“Each year, the commitments and partnerships that come out of CGI University prove that young people are not only up to the task of working toward a safer, more sustainable world, but that they are eager to get started now,” said Chelsea Clinton. “Whether interested in starting a social venture to fight HIV/AIDS, or increasing women’s interest in STEM in remote areas of the world, students come to CGI U to turn their ideas into action. We are thrilled to bring this meeting to ASU, which has the largest solar energy portfolio of any university in America and a strong commitment to positive social change and innovation.”

CGI U 2014 attendees will have access to more than $750,000 in seed funding to implement their commitments. The funding marks the largest sum in the meeting’s history, including $650,000 from the growing CGI University Network of more than 55 colleges and universities, and another $100,000 through the Resolution Project Social Venture Challenge, a competition between aspiring student entrepreneurs with sustainable enterprises.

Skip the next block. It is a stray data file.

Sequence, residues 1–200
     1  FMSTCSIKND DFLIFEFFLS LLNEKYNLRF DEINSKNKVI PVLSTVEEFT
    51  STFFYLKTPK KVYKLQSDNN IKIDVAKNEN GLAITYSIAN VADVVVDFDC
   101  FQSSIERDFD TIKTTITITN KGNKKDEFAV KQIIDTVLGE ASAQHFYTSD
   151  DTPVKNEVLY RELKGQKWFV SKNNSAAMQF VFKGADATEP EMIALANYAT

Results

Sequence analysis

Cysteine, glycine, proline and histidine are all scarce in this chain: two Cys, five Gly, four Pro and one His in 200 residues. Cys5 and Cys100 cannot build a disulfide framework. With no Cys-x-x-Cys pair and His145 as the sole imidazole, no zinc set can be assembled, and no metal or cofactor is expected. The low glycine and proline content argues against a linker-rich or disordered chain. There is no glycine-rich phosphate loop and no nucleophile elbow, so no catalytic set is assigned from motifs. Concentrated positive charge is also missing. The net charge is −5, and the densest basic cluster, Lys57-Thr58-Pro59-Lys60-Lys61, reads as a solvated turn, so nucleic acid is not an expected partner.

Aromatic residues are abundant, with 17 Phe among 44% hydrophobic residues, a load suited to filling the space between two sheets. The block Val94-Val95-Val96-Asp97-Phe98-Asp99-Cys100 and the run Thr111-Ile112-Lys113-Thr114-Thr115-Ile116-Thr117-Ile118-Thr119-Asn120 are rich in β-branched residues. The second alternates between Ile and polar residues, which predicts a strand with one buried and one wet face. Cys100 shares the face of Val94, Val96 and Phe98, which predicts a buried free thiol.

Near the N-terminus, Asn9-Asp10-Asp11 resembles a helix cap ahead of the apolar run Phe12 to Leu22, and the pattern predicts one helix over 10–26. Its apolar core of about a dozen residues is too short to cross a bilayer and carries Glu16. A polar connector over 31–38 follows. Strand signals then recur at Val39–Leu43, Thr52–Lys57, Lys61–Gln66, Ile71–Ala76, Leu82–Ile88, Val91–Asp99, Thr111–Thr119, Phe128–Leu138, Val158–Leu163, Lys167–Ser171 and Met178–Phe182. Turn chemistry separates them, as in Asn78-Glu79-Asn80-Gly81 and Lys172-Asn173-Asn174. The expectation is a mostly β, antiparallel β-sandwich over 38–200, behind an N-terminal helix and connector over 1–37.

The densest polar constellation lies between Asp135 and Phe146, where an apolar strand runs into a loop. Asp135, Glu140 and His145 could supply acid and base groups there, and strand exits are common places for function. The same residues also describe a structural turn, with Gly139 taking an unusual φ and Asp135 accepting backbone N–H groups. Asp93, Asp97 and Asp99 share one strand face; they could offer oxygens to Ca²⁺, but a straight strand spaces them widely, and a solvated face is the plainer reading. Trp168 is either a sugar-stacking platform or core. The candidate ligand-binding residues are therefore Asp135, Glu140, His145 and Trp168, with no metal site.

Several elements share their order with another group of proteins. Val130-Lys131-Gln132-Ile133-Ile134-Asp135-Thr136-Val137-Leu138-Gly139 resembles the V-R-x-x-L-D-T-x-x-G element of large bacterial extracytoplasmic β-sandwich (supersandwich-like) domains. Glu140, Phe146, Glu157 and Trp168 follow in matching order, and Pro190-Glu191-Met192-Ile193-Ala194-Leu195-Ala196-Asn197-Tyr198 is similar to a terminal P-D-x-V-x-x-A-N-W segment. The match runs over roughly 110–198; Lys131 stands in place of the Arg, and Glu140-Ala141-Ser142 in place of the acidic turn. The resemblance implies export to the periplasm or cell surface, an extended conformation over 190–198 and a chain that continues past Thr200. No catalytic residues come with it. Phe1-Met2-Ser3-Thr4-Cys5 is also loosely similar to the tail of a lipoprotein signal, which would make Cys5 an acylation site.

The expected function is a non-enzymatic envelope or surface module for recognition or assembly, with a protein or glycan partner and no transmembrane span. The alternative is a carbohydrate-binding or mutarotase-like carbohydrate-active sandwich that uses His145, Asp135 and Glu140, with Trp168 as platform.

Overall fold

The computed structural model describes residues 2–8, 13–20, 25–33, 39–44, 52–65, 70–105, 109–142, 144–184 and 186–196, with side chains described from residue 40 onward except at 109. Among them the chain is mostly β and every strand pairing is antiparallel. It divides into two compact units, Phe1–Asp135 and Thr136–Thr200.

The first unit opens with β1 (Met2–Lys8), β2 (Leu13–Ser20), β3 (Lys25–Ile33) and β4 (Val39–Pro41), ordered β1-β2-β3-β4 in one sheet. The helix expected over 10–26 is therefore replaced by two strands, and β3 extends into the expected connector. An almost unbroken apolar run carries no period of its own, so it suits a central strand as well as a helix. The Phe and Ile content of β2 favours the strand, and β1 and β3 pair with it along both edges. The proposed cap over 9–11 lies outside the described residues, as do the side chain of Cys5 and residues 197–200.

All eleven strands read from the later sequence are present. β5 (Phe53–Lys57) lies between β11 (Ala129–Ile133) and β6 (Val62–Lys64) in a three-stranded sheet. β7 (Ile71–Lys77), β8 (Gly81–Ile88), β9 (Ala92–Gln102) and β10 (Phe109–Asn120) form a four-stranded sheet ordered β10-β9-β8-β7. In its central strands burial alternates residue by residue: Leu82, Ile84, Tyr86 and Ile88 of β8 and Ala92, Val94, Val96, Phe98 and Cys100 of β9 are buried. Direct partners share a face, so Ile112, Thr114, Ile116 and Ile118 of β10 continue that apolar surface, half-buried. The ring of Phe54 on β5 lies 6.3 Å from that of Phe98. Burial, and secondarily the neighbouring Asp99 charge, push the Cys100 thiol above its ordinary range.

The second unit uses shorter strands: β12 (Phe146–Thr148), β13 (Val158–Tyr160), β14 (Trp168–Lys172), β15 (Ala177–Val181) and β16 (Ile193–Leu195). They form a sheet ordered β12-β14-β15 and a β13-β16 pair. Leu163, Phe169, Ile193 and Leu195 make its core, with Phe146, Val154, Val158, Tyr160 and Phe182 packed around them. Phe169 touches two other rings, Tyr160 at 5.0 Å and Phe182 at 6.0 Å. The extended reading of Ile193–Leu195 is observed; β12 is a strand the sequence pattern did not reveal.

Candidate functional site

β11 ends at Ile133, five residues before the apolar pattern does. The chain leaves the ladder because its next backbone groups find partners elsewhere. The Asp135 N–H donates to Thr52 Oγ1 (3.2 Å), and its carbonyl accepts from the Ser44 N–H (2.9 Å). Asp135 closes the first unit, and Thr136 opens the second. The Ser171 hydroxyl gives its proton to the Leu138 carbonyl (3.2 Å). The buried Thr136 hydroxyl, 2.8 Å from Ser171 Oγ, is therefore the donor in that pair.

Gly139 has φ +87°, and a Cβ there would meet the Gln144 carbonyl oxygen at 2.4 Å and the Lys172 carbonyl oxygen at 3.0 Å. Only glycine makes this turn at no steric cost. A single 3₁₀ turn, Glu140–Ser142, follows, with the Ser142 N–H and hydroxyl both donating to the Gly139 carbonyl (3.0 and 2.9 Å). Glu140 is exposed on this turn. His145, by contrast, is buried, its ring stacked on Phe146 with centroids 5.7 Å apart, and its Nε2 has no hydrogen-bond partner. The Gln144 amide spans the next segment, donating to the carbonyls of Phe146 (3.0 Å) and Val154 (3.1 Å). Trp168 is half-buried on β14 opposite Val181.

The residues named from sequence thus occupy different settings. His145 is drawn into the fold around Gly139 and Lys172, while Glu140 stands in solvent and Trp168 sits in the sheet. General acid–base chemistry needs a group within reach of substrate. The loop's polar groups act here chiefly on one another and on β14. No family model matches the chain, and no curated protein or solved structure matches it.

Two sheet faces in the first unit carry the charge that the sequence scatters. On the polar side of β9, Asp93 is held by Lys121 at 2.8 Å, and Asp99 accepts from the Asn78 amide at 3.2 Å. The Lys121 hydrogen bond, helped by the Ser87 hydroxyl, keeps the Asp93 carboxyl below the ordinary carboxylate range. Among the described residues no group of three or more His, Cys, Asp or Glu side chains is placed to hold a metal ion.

On Sunday, students will gather in downtown Phoenix for the Clinton Foundation’s ninth Day of Action. The morning of community service will be in collaboration with PHX Renews, a partnership between the City of Phoenix and Keep Phoenix Beautiful, that aims to transform previously vacant lots in the city into vibrant and sustainable public spaces. To kick off the Day of Action, Chelsea Clinton and President Bill Clinton will be joined by Mayor of Phoenix Greg Stanton, Co-Founders of Americans for Responsible Solutions Former U.S. Representative Gabrielle Giffords and former astronaut Mark Kelly.

CGI U at ASU is a Zero Waste event, exemplifying ASU's deep commitment to sustainability.

To read more about ASU at CGI U, visit the website The official CGI U website can be seen here: To follow the weekend’s events, tune in to ASU’s CGI U Storify page at

Follow CGI U at ASU on Twitter at @CGIU and @ClintonGlobal or on Facebook at for meeting news and highlights. The official meeting hashtag is #CGIU. Plenary sessions will also be live streamed during the meeting at

Sharon Keeler